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How I Deal With My Lazy Nature

One of my best friends was recently able to describe me in one sentence: "You're the most hardworking lazy person I know".

While I laughed and found the observation quite endearing, I was stunned at just how true the statement is (and I'm sure my friends and family can back this up!).

By nature, I'm very lazy. Not lazy in the sense of staying in bed and watching Netflix for 10 hours a day - I actually can't watch more than 2/3 hours of TV at a time, I have to get up and do something. I'm lazy in that if there's ever something that needs doing, that I don't want to do, I will put it off for as long as humanly possible.

Let's use the example of doing household chores. Not many people like doing them, but I get absolutely no stimulation from doing them whatsoever. I find them extremely boring, and I will never enjoy any form of chore.

But of course, they need to be done. I currently live alone, so if I don't keep on top of them, my apartment will be a living pig sty...

Chores are just one example of many. Laziness for me can be anything from putting off work deadlines to skipping the side missions on video games. I was struggling to overcome my laziness, and I quickly became best friends with procrastination.

So I had to find a way to get these tedious things done in a way that provides me excitement and stimulation. Simply doing them to get them done wasn't enough motivation for me. There had to be some way to make doing them worthwhile.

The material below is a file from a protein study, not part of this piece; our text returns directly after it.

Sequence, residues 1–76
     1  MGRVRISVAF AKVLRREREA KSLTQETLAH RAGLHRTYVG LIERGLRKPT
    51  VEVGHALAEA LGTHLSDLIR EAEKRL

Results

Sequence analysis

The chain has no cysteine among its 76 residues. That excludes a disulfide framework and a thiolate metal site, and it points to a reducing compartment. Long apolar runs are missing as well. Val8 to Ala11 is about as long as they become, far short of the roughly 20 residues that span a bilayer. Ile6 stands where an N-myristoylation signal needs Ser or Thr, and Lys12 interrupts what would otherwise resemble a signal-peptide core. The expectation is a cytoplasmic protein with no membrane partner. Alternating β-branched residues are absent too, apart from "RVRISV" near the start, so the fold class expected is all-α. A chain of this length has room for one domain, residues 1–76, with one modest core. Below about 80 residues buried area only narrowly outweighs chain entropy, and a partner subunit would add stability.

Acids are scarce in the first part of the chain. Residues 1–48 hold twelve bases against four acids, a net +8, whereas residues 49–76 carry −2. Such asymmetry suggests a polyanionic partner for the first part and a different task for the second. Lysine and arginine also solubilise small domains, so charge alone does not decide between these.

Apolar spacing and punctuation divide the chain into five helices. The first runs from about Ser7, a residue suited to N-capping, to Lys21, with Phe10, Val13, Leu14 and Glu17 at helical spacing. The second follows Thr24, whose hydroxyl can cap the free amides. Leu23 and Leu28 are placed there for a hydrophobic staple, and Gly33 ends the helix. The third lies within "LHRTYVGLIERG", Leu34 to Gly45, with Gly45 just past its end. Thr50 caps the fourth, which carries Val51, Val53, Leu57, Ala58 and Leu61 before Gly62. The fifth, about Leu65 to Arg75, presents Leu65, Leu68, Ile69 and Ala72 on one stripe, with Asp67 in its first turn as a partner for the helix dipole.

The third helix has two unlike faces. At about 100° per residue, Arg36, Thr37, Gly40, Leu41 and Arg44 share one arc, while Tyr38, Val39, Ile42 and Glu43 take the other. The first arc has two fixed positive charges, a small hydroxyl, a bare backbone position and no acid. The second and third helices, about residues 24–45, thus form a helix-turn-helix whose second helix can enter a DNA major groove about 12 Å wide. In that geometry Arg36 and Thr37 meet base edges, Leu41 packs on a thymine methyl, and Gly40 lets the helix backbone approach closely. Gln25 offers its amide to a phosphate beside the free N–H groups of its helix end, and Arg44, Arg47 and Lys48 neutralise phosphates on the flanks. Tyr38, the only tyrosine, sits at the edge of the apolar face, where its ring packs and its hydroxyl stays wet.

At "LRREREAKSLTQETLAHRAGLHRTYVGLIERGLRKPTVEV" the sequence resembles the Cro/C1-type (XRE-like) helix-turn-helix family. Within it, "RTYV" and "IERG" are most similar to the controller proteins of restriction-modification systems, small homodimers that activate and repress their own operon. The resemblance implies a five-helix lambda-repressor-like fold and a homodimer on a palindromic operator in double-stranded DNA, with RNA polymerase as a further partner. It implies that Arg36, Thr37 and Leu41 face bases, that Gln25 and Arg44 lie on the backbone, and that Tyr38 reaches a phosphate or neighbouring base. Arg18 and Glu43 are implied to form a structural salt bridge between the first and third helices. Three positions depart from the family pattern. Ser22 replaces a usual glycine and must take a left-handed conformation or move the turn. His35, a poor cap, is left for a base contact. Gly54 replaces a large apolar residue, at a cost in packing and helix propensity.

For me, there were two things I needed.

First, I needed to create a winning feeling. Instead of feeling tiredness and relief after I've done something, there needs to be a sense of accomplishment. So, I write down the things I have to do, and I'll tick them off one by one.

I won't make the list exhaustive. I only need small wins, which will snowball into a winning feeling. The more things I have to do, the less motivation I'll have. I'll only put on about 6-7 tasks, and put all my energy into getting them done. (If you have more than 7, prioritise the ones you need doing quickly).

And once I've ticked everything off the list, the second thing is this: I'll reward myself! Whether it's a small snack; buying something I've wanted for a while; or simply some chill time, I've earned this reward and I'm allowed to be very proud of it.

Not only have I now gained something from my efforts, but the excitement and desire to earn a reward means that I am usually much more efficient in both saving time and doing things properly. Lo and behold, I've done a bunch of things I don't like doing in record time - and I've got a savvy little treat for doing it. Winner winner!

You can use this tool to fight any trait you have that impacts your productivity, not just laziness. If you're terrible at replying to emails, you can find the top 5-10 that you NEED to reply to - and treat yourself afterwards. Use the excitement of life's treasures to get through the sluggish tasks!

As I say, by nature I'm extremely lazy. But by using these two very easy tricks, I'm now able to fight against my negative habit and be the most hardworking lazy person around.

How can you utilise a To-Do List and Rewards system in your life?

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